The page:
An Ayurvedic teacher once said, “An illness is a function of the loss of the inner smile.” What is the inner smile? Where is it, exactly? And, if it is so important to health, how do we do it? How do we maintain our inner smile, even when our outside world may not be such a nice place?
According to the yoga master, Aadil Palkhivala, the inner smile lies deep in your Heart Center and only emerges when you truly feel connected with all things. Your inner smile is your bliss; your calm inner state, formed by your knowledge of connectedness. It is the feeling of true love, but not in the passionate or sentimental sense. No one and no event can bring you bliss, just as no one and no event can take away your inner smile. Your inner smile is a choice – do you choose to connect to your heart and soul, or do you choose to let your circumstances push you around?
One way to choose bliss is to practice Smiling Breath. Your breath is physically the closest you can get to your inner world. To develop Smiling Breath, smile from within on your inhales. In other words, smile with your eyes and heart (and lips) as you breathe in all that is good. Feel light and full. Then, on the exhale, calm your mind, focusing only on the feeling of breath on your upper lip. Repeat several times, smiling on the inhale and focusing on the exhale. In this way, you program your subconscious to link the sensation of breath with bliss. So even in the busy-ness of daily life, each of your breaths will remind you of your inner smile. With each breath, you choose bliss.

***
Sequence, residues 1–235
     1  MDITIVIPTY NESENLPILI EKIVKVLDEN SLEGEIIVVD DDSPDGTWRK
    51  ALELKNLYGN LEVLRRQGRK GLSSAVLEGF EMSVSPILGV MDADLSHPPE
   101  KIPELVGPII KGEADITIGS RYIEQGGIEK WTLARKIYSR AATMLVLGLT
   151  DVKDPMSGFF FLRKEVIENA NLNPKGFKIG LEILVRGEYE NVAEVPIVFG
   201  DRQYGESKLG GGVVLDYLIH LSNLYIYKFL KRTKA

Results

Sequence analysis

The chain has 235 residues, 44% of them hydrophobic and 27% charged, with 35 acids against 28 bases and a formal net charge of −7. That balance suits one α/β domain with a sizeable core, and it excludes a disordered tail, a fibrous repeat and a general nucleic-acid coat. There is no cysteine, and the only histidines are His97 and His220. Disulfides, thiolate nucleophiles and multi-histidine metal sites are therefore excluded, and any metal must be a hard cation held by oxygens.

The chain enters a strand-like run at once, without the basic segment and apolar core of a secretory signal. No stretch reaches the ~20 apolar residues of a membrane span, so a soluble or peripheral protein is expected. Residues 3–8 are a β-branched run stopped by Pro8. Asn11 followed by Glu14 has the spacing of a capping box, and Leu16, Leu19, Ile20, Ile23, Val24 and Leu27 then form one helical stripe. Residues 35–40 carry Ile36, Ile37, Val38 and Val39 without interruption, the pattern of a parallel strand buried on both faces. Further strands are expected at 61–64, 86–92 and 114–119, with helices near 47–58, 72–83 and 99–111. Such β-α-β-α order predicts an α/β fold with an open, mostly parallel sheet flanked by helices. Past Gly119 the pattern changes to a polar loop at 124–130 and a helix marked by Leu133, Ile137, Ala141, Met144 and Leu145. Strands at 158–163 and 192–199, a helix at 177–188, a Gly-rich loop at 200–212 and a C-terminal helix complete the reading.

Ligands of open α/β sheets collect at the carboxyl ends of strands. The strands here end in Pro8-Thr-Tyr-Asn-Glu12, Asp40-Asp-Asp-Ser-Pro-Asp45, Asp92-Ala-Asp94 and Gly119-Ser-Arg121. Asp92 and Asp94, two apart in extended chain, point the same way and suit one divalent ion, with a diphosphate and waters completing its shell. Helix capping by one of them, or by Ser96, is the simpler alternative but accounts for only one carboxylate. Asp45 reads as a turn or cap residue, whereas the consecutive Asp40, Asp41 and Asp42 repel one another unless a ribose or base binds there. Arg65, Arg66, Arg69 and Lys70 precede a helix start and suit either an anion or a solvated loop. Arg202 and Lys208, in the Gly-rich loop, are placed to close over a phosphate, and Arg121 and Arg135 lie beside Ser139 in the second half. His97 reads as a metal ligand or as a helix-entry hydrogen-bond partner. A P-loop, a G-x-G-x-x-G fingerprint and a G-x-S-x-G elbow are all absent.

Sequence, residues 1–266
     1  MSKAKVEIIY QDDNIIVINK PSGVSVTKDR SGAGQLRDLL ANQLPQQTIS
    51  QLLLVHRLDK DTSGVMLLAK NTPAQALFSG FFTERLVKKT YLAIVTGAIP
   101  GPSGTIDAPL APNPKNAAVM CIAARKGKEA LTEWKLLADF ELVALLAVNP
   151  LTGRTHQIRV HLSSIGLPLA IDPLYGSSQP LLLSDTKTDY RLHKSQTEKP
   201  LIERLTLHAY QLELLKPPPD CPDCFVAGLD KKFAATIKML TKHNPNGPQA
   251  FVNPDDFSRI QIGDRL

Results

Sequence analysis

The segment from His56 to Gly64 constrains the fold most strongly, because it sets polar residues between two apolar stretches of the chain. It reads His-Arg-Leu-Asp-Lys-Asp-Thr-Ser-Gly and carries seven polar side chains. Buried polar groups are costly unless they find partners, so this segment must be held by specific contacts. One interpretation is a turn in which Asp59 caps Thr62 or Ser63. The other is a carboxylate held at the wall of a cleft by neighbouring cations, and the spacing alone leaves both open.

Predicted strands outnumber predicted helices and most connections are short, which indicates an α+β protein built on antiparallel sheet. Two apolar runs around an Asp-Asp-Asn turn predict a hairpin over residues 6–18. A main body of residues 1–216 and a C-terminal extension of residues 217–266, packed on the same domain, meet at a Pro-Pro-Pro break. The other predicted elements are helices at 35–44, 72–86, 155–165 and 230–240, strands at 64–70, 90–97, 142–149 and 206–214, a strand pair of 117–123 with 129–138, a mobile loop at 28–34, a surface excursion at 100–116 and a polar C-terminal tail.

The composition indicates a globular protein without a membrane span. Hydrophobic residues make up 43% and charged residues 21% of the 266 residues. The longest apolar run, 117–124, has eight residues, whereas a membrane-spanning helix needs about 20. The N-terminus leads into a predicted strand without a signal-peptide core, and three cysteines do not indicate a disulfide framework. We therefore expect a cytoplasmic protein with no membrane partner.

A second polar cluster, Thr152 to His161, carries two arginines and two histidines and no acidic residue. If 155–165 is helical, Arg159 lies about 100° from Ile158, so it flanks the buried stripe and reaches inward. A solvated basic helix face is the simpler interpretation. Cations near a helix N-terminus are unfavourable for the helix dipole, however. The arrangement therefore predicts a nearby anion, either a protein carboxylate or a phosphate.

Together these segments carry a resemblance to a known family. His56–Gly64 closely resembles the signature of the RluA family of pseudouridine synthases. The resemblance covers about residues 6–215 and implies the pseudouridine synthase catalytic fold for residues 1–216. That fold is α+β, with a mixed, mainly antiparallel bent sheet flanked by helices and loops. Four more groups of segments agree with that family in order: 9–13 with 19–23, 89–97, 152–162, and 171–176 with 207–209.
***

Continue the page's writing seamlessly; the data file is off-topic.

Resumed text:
The real challenge to finding your inner smile comes during times of grief. Being connected to your Heart Center and knowing that bliss is a choice is a good start, but sometimes it takes more physical effort to smile (on the inside or the outside). One way to lift yourself out of anger or sadness is to actually lift your arms overhead. When you are upset, what does your body do? Clench up and pull inward – chest collapsing, fists squeezing, shallow breathing. Your body physically holds grief in your upper torso. So throw your arms up, open your armpits and chest. Do you notice that this posture looks a lot like someone celebrating? It’s not a coincidence! Lifting your arms has always been a joyous gesture. Back bends and twists also open the chest, giving your lungs more room to practice your Smiling Breath.
Your inner smile is always in there. Begin to notice it and practice finding it so you can enjoy your bliss, regardless of the circumstances and people surrounding you.